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Physics and Imaging in Radiation Oncology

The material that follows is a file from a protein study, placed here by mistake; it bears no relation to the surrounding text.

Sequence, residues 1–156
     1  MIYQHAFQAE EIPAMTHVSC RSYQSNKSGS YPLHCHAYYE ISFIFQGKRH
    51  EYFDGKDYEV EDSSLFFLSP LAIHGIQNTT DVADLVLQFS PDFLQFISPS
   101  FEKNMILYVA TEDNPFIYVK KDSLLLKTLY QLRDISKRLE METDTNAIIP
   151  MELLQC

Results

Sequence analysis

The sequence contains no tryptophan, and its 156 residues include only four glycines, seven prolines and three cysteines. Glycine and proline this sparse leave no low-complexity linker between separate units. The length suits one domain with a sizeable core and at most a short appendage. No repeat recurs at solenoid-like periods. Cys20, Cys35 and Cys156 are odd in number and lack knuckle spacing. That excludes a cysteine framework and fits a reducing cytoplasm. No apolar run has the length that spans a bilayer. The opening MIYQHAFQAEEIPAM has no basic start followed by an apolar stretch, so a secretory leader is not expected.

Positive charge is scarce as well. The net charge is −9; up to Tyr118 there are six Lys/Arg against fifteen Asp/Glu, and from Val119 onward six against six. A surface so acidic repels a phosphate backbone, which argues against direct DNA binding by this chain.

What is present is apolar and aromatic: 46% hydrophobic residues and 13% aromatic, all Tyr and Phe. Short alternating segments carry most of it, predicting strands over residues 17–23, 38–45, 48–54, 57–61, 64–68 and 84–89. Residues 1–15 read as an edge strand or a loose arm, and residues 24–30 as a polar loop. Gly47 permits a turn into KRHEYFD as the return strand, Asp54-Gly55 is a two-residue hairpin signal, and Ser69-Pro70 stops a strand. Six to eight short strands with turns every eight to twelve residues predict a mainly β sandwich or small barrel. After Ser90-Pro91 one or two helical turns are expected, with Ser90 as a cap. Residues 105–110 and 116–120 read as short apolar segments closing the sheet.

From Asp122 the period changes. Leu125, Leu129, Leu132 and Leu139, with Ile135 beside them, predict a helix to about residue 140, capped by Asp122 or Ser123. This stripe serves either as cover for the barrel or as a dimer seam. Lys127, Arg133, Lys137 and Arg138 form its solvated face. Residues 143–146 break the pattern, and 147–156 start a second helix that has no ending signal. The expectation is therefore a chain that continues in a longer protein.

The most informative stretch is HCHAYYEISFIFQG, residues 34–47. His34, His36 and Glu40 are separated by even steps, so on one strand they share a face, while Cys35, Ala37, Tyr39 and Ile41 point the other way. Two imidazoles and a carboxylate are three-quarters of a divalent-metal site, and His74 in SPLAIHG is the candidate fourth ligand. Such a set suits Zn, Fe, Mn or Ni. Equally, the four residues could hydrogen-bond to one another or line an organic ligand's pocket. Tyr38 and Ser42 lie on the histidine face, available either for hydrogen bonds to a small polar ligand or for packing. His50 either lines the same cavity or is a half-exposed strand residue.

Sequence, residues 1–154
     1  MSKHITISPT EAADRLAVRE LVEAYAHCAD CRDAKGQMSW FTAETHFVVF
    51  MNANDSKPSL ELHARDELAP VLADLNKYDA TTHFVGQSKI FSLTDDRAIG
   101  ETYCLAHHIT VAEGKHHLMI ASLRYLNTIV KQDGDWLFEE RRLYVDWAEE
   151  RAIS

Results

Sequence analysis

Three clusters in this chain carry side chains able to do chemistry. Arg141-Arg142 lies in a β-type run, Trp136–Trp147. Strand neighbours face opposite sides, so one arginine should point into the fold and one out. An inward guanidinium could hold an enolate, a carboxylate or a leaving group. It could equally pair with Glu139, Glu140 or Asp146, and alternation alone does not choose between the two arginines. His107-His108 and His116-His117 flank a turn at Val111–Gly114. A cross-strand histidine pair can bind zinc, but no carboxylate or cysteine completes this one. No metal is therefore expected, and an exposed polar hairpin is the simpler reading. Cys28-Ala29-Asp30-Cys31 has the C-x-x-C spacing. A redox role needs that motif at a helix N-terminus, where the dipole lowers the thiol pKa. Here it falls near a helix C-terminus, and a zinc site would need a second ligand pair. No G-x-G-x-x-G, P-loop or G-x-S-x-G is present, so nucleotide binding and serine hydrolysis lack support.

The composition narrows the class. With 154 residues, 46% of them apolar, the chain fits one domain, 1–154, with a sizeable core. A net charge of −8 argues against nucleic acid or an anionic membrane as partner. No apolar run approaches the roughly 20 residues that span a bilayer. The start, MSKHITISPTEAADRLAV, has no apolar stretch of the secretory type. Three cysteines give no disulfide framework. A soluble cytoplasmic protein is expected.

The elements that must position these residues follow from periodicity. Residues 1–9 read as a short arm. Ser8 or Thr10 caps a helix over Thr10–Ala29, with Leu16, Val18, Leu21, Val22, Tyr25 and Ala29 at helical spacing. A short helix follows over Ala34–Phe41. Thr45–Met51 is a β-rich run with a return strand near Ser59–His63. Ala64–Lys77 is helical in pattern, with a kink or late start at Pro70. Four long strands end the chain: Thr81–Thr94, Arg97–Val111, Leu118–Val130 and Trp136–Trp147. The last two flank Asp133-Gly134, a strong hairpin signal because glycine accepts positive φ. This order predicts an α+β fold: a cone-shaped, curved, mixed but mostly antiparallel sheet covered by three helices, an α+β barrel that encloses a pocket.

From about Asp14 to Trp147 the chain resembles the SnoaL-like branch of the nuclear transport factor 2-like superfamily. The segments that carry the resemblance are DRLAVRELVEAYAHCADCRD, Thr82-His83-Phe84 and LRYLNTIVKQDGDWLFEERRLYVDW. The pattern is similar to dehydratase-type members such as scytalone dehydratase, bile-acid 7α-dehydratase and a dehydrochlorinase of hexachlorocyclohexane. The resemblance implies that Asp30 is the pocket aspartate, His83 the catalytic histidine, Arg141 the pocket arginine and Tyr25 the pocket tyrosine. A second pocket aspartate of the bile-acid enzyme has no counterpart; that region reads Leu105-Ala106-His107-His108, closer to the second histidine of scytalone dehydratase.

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Brain metastases affect more breast cancer patients than ever before due to increased overall patient survival with improved molecularly targeted treatments. Approximately 25–34% of breast cancer patients develop brain metastases in their lifetime. Due to the blood–brain barrier (BBB), the standard treatment for breast cancer brain metastases (BCBM) is surgery, stereotactic radiosurgery (SRS) and/or whole brain radiation therapy (WBRT). At the cost of cognitive side effects, WBRT has proven efficacy in treating brain metastases when used with local therapies such as SRS and surgery. This review investigated the potential use of glial activation positron emission tomography (PET) imaging for radiation treatment of BCBM. In order to put these studies into context, we provided background on current radiation treatment approaches for BCBM, our current understanding of the brain microenvironment, its interaction with the peripheral immune system, and alterations in the brain microenvironment by BCBM and radiation. We summarized preclinical literature on the interactions between glial activation and cognition and clinical studies using translocator protein (TSPO) PET to image glial activation in the context of neurological diseases. TSPO-PET is not employed clinically in assessing and guiding cancer therapies. However, it has gained traction in preclinical studies where glial activation was investigated from primary brain cancer, metastases and radiation treatments. Novel glial activation PET imaging and its applications in preclinical studies using breast cancer models and glial immunohistochemistry are highlighted. Lastly, we discuss the potential clinical application of glial activation imaging to improve the therapeutic ratio of radiation treatments for BCBM.